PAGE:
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Listening Comprehension: Columbus Day

Introduction: Many countries in the New World and elsewhere officially celebrate as a holiday the anniversary of Christopher Columbus‘ arrival in the Americas, which happened on October 12, 1492. The landing is celebrated as Columbus Day in the United States, as Discovery Day in the Bahamas, as Día de la Raza (“Day of the Race”) in many countries in Latin America, as Día de las Américas(Day of the Americas) in Belize and Uruguay, as Día del Respeto a la Diversidad Cultural (Day of Respect for Cultural Diversity) in Argentina, as Día de la Hispanidad and Fiesta Nacional in Spain, and as Giornata Nazionale di Cristopher Columbus or Festa Nazionale di Cristoforo Colombo in Italy and in the Little Italys around the world. These holidays have been celebrated unofficially since the late 18th century and officially in various areas since the early 20th century. (source Wikipedia)


Level: B2

Watch the video from  about Columbus’ Day and answer the questions below:

Unfortunately, doesn’t allow embedding so you’ll probably need to open a new window to listen and see the exercises at the same time.

♥Click on the picture to listen

♥Answer the questions. Download questions

♥Click here to see the answers and the transcript


True or False? Correct the False Sentences

  1. The idea of renaming Columbus Day has been going on for a while. True or False?
  2. So far, only Seattle has been able to change the name of the day . True or False?
  3. The American Indians want to rename the day so that nobody forgets the difficulties they have had to endure . True or  False?
  4.  The USA government is considering renaming the day next year.  True or False?
  1. Name four things, Columbus is blamed for







Lesson Plan: Talking about Your Hometown .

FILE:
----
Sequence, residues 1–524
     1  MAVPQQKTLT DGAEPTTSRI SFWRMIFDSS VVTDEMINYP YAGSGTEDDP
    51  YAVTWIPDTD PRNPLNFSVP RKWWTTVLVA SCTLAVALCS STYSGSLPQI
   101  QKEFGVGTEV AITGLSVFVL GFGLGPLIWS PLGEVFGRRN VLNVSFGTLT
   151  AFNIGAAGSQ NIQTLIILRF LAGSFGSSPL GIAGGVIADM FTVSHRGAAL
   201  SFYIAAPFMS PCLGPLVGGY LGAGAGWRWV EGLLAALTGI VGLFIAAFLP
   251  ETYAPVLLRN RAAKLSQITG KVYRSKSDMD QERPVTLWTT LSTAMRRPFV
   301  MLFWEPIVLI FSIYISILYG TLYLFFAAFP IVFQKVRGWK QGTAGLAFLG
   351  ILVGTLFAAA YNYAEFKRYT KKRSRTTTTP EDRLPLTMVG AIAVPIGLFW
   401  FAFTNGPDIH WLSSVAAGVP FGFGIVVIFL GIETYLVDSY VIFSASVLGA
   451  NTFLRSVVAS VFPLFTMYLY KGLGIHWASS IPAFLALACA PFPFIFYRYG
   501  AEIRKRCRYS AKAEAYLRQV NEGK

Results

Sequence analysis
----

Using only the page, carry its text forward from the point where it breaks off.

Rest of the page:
This is a lesson for Elementary students.

Step 1. Reading and Listening

Mind mapping is a very important  learning tool for visual learners. This mind map has been created with Exam Time, which is very easy to use and  embeddable, a feature I always appreciate.

There are some steps previous to this mind mapping  we wrote on the board, essentially reading and listening about this issue. Form these listenings and readings we gathered and sorted vocabulary that was, then, written on the board.

Step 2. Mind Mapping

What you see below is a nice way of displaying what was written on the board of the classroom  with the help of my students.

por cristina.cabal
Step 3. Speaking

For this activity, instead of the typical photocopy with the list of questions to talk about, I have put students in groups of three or four and given each group a set of cards, which they had to place face down on the table. Students in turns pick up a card and talk for as much as they can about the given question. At this point I give my students the usual talk about how important it is now, to “show off.”

This is a snapshot of the cards. Click here if you want to print them.

Learning the Alphabet